Opioid Crisis Settlement Divides Victims Of OxyContin Manufacturer

While the settlement between the manufacturer of OxyContin and the thousands of lawsuits related to opioid harm has the potential to address the overdose epidemic triggered by the painkiller, it doesn’t guarantee satisfaction for all victims.

By surrendering ownership of Purdue Pharma and committing up to $6 billion to combat the crisis, the affluent Sackler family members would be granted immunity from civil lawsuits. Simultaneously, they could potentially retain billions of dollars in profits from OxyContin sales.

The Supreme Court is scheduled to consider arguments on December 4 regarding whether the agreement, a component of Purdue Pharma’s bankruptcy resolution, violates federal law.

The key concern for the justices revolves around whether the bankruptcy’s legal protection can be extended to individuals like the Sacklers who have not personally filed for bankruptcy. This legal inquiry has led to divergent decisions in lower courts and carries implications for other significant product liability lawsuits resolved through the bankruptcy system.

However, the agreement, despite allocating billions for opioid treatment initiatives, presents a moral dilemma that has created divisions among those who have suffered the loss of loved ones.

In 2018, Ellen Isaacs’ 33-year-old son, Ryan Wroblewski, passed away in Florida, nearly 17 years after initially being prescribed OxyContin for a back injury. Initially supportive of a settlement that could provide compensation for individuals like her, she has since reconsidered her decision.

She expressed that financial compensation might not provide the closure she seeks. Moreover, endorsing the deal could potentially give rise to additional complications.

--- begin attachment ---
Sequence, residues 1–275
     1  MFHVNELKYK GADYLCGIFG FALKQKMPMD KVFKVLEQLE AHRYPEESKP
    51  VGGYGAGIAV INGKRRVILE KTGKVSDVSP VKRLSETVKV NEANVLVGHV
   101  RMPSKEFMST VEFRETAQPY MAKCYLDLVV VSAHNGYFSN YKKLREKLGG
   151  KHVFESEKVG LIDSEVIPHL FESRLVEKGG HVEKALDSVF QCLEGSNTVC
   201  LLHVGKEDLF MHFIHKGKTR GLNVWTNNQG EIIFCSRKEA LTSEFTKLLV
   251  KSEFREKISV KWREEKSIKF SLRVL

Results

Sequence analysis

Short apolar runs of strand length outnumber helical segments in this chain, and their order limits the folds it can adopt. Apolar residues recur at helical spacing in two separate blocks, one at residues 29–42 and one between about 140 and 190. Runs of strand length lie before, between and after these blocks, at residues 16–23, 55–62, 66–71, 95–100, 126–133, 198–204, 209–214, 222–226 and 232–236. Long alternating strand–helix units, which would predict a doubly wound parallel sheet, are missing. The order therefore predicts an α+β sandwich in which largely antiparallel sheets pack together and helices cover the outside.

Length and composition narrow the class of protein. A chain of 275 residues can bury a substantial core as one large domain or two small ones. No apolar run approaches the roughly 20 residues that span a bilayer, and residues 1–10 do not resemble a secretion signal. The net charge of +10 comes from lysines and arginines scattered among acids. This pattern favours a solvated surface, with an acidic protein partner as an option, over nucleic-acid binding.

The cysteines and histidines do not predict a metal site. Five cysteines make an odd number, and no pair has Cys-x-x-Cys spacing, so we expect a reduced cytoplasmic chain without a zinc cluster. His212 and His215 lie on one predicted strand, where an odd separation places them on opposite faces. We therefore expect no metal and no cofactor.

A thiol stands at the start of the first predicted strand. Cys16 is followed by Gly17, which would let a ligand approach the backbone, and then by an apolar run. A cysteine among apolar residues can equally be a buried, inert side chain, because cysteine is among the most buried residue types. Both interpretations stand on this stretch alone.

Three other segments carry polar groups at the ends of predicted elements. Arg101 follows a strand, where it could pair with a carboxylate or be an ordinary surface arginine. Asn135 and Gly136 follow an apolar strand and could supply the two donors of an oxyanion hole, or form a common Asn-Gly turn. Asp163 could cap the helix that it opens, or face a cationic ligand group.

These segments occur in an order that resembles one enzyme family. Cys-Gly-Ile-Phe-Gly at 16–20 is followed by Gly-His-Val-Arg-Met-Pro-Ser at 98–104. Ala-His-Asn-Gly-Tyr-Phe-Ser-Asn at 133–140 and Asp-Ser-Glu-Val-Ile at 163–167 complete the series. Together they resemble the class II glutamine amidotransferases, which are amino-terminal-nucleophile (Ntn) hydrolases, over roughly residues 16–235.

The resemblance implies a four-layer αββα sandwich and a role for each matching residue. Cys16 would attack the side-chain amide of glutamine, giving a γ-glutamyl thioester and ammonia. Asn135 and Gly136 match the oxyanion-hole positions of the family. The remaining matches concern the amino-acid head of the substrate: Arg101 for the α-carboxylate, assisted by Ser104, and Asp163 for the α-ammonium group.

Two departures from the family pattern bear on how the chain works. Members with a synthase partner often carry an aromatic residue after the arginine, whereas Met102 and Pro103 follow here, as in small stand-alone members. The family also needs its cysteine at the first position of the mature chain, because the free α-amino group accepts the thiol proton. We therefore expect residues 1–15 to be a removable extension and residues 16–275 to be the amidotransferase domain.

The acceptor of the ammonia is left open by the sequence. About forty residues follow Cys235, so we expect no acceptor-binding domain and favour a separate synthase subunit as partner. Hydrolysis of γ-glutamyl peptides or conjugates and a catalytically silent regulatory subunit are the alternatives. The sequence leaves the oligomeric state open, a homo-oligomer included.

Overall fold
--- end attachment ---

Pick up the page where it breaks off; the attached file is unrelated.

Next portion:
Purdue Pharma’s forceful promotion of OxyContin is frequently identified as a key factor in the nationwide opioid epidemic. The marketing strategy influenced doctors to prescribe painkillers with less consideration for the risks of addiction.

In 2007, the company entered a guilty plea for misbranding the drug and settled by paying over $600 million in fines and penalties.

Opioid-related overdose deaths have persistently risen, reaching 80,000 in recent years. This is partly attributed to individuals with substance abuse disorders encountering increased difficulty in obtaining pills, leading them to turn to heroin and, more recently, fentanyl.

Pharmaceutical firms, wholesalers, and pharmacies have collectively agreed to pay over $50 billion in settlements for lawsuits brought by state, local, Native American tribal governments and others. These legal actions alleged that the company’s marketing, sales, and monitoring practices played a role in fueling the opioid epidemic.

The settlement with Purdue Pharma is poised to be one of the most substantial. Notably, it is one of only two settlements that include provisions for direct compensation to victims of the crisis. Payments from a $750 million fund are anticipated to range from approximately $3,500 to $48,000.